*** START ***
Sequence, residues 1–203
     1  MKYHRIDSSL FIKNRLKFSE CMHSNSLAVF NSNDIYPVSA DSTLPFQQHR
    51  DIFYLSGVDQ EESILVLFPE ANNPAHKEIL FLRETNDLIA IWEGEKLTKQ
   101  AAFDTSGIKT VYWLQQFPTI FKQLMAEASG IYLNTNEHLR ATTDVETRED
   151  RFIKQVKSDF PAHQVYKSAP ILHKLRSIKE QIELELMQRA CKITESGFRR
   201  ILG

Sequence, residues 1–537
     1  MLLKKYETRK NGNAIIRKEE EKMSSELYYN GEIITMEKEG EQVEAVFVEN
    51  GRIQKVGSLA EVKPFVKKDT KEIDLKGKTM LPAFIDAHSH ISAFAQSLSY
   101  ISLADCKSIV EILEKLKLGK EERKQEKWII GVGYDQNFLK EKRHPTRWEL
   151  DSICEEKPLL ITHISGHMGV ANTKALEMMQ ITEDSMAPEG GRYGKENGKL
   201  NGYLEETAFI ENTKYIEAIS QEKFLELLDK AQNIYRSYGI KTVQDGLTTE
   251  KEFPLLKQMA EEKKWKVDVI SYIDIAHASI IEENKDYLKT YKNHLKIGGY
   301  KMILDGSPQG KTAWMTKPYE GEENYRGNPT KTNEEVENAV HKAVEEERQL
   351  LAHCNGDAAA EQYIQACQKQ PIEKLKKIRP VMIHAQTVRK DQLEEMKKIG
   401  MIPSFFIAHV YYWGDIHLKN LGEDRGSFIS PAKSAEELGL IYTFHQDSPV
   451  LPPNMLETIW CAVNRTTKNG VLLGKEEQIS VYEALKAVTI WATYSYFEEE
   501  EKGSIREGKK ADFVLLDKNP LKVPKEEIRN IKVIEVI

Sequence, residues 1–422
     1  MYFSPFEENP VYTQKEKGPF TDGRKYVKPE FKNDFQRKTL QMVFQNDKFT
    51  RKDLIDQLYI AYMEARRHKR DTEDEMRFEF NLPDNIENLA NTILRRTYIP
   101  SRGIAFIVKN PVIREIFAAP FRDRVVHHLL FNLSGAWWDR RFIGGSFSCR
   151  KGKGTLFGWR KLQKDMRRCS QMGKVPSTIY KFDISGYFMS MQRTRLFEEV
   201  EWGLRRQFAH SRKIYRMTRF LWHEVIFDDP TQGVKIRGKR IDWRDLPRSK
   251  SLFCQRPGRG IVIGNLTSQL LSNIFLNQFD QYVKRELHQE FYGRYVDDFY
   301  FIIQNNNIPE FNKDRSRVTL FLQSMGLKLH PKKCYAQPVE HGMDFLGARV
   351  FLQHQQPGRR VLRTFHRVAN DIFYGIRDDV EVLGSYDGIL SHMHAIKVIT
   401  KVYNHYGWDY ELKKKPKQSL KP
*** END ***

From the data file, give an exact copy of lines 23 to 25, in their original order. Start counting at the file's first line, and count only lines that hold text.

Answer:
   151  KGKGTLFGWR KLQKDMRRCS QMGKVPSTIY KFDISGYFMS MQRTRLFEEV
   201  EWGLRRQFAH SRKIYRMTRF LWHEVIFDDP TQGVKIRGKR IDWRDLPRSK
   251  SLFCQRPGRG IVIGNLTSQL LSNIFLNQFD QYVKRELHQE FYGRYVDDFY